Over long periods of time, investing in the stock market is undoubtedly one of the best wealth-generation tools available to the average person. Just in the last decade, including dividends, the S&P 500 and Nasdaq Composite index have returned 328% and 237%, respectively. These are magnificent gains.

Nowadays, the S&P 500 and Nasdaq Composite index are both in record territory thanks to their impressive bull runs. It looks like investor optimism is at elevated levels.

So, is now still a smart time to buy stocks with the intention of holding them for the next 10 years? Here‘s what history says your returns could be.

It’s all about valuation

Vanguard, a nearly 50-year-old asset manager that has trillions of dollars under management, maintains what’s called the Vanguard Capital Markets Model. It analyzes historical data to try and predict what returns will be over the next 10 years.

According to this model, U.S. equities are set to produce annualized returns of just 4.7% in the next decade. That’s a huge slowdown from the past decade.

It’s pretty easy to understand why Vanguard’s model has these muted expectations. It all comes down to valuation. All else being equal, investors should want to pay lower valuations for the stocks that they own. This adds upside to the return potential.

The S&P 500 CAPE ratio is an insightful tool to measure valuation. It says the S&P 500’s current CAPE ratio sits at 34, 36% higher than what it was exactly 10 years ago. And it represents a 63% premium to 30 years ago. The takeaway is that valuations have trended higher over the past few decades.

Declining interest rates since the 1980s have definitely played a role here. As the yields that investors can earn on fixed-income securities fall, they seek higher returns in riskier assets. Consequently, more capital flows to equities. If the Federal Reserve starts to cut rates this year or next, we could continue to see valuations expand further.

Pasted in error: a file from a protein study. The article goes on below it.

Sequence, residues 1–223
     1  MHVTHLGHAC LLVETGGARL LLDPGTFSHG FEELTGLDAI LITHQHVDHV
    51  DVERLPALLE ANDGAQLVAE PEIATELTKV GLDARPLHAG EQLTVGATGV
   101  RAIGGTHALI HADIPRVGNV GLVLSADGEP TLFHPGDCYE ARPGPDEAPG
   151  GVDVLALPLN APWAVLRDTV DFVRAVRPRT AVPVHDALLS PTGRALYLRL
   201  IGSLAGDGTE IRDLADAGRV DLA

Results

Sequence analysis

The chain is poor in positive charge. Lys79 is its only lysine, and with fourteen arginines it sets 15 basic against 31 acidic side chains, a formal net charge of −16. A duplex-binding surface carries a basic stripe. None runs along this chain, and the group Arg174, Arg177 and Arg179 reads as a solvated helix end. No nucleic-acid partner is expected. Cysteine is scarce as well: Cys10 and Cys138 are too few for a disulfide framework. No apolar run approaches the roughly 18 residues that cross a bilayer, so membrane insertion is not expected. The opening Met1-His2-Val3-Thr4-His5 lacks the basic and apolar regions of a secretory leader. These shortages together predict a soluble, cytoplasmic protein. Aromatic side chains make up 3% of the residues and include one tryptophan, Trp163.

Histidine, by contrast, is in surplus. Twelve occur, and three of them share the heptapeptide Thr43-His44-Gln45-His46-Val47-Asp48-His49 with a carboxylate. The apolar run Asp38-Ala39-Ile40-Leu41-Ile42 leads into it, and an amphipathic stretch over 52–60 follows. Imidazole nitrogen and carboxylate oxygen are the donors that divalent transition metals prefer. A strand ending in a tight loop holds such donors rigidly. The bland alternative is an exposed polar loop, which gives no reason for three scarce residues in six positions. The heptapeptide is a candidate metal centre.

More recently, however, skyrocketing tech-enabled enterprises, most notably the “Magnificent Seven,” have been a key factor impacting valuations. The average return of these seven stocks was a staggering 111% in 2023. They generally trade at expensive P/E ratios. And because they currently represent just under 30% of the entire S&P 500, they can lift the valuation of the broader index.

This just means that if investors want to find companies that can outperform the market, they might want to consider under-the-radar names that aren’t seeing their valuations get stretched from the AI boom.

Trader pondering looking at stock charts. on screens.

Image source: Getty Images.

Don’t be discouraged

No one really knows what’s going to happen with stocks going forward. Making accurate forecasts is impossible to do consistently. Even well-respected firms like Vanguard can’t do this. It’s still important to figure out where things stand today, though.

However, I do believe the outlook does make sense. Investors can’t pay higher and higher valuations and expect strong returns going forward. I guess time will tell what the future holds.

All of this might be discouraging for people who are early on in their investing journeys. Why put money to work right now when returns will be weak?

To be clear, I believe that it’s always a smart time to invest money in the stock market. Studies have shown that trying to time the market to take advantage of the dips is a losing game. Instead, it’s best to invest early and often, adopting a dollar-cost average strategy with a long-term mentality. The market will continue to reward patient investors.

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Should You Buy and Hold Stocks for the Next 10 Years? Here’s What History Says Your Returns Could Be. was originally published by The Motley Fool

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